Sunday, December 02, 2018 9:30 am - 1:15 pm
Andrew Shatté / University of Arizona
In this fast-paced, interactive, and fun session Dr. Andrew Shatté will lead you on a tour of the big questions in the psychology of resilience. Why does one person overcome adversity while another falls into helplessness? What are the 7 ingredients that make up resilience – and do you have them?
We will see that habits in how we think have an enormous impact on resilience. You will gain insight into two of your thinking styles and learn about the impact they can have on your success, happiness, and health. Dr. Shatté will show you how to boost resilience with case studies from his work in large corporations and the public sector. And in the final moments of the workshop, he'll even reveal the biggest secret to a life of resilience!
Andrew Shatté teaches psychology at the University of Arizona, and is also the founder and President of Mindflex, a training company that specializes in measuring and training for resilience. Professor Shatté first joined One Day University when he was a professor at the University of Pennsylvania, where he was given the “Best Professor” award by the students in 2003 and received the Dean’s award for distinguished teaching in 2006. He co-wrote “The Resilience Factor,” and “Mequilibrium.”
Kara Cooney / UCLA
The Egyptian kings, who created long lived, god-given dynasties, never imagined ancient Egypt would ever fall. How could a civilization which built the Great Pyramids, capable of 3000 years of the same religious, political, economic, and social systems ever fall? But fall it did, losing autonomous rule around when it was taken into the Roman Empire, and losing its cultural identity in the 4th century AD when Christianity became the only accepted religion in the Roman Empire. Could they have survived? Ancient Greece was never united politically. Regions warred with each other until Alexander the Great conquered the whole Mediterranean, defeating the Persians and entering India. But just ten years later, in 323 BC, that great empire was already dead and Alexander himself was fevered and gaunt, expiring of typhoid or some other infectious disease. His chosen successor and his son were killed by rivals. The great warrior was so busy taking over the world that he never put any systems in place to keep the empire he had taken.
Of course, Rome's fall has been debated endlessly, and historians can’t even agree on the date, as numerous theories abound. In 285 AD when Diocletian divided the vast expanse into two halves? In 378 AD when Rome lost to the Goths at the disastrous Battle of Adrianople? In 380 AD when Christianity became the only accepted religion of the Roman Empire? Or as late as 1453 when Constantinople fell to the Ottoman Turks? The question becomes: when wasn't Rome falling, and how did it even function as long as it did? What were the instigators of such constant distress? Historians are obsessed with the rise and fall of great civilizations of the past. Those same historians like to instruct us to learn from the past lest we repeat past mistakes. So…can Americans learn anything from the fall of Greece, Egypt and Rome that we can apply to our own modern world?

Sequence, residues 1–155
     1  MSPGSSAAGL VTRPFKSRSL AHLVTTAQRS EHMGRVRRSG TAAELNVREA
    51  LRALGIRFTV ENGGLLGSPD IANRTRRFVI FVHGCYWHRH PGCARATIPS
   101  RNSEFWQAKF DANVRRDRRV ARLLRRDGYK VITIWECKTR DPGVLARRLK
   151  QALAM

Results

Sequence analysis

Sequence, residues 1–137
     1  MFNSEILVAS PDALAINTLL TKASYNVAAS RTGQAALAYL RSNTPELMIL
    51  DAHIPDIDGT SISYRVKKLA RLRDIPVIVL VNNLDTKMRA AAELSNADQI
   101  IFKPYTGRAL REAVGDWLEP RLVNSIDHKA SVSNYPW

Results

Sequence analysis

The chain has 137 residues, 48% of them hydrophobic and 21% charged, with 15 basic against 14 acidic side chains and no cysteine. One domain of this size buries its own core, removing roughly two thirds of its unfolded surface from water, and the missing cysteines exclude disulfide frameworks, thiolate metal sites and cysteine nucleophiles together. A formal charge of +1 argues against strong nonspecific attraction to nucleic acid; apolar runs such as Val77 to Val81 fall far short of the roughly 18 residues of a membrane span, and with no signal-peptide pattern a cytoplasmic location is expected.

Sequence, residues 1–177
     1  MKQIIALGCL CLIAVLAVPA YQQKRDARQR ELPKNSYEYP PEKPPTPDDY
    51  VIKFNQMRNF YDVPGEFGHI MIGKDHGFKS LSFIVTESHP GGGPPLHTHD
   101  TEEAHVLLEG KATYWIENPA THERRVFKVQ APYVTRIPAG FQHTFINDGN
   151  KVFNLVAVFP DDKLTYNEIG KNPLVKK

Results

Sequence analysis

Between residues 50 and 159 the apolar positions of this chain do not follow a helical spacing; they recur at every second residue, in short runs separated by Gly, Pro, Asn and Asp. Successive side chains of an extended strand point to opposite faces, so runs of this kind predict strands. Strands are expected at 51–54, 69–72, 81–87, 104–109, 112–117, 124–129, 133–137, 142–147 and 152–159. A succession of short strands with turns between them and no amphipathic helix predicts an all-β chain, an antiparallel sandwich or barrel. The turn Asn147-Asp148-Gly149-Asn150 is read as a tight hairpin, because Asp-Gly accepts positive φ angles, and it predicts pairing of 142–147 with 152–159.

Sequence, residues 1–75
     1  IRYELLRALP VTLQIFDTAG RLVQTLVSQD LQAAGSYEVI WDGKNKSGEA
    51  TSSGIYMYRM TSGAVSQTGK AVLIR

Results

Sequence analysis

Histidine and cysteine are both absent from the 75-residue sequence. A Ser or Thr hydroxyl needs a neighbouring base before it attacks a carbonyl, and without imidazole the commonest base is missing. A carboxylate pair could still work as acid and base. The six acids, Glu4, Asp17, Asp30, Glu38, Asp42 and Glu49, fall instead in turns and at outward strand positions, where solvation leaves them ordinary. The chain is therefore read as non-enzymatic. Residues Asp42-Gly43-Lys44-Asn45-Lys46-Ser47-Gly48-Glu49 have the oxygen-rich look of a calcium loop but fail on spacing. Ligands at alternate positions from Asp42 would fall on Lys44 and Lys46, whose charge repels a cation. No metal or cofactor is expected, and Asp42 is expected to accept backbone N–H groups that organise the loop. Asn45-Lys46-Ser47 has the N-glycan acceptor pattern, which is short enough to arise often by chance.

Kara Cooney is an Egyptologist and Professor at UCLA. In 2002, she was Kress Fellow at the National Gallery of Art and worked on the Cairo Museum exhibition “Quest for Immortality: Treasures of Ancient Egypt.” In 2005, she acted as fellow curator for Tutankhamun and the Golden Age of the Pharaohs at the LA County Museum of Art. She also worked on two Discovery Channel documentary series: “Out of Egypt” and “Egypt’s Lost Queen.”
Marc Lapadula / Yale University
While most works of cinema are produced for mass-entertainment and escapism, a peculiar minority have had a profound influence on our culture. Whether intentionally or not, some movies have brought social issues to light, changed laws, forwarded ideologies both good and bad, and altered the course of American history through their resounding impact on society. Renowned Yale Film Professor Marc Lapadula will discuss three films that, for better or worse, made their mark.
Marc Lapadula is a Senior Lecturer in the Film Studies Program at Yale University. He is a playwright, screenwriter and an award-winning film producer. In addition to Yale, Marc has taught at Columbia University’s Graduate Film School, created the screenwriting programs at both The University of Pennsylvania and Johns Hopkins where he won Outstanding Teaching awards and has lectured on film, playwriting and conducted highly-acclaimed screenwriting seminars all across the country at notable venues like The National Press Club, The Smithsonian Institution, The Commonwealth Club and The New York Historical Society.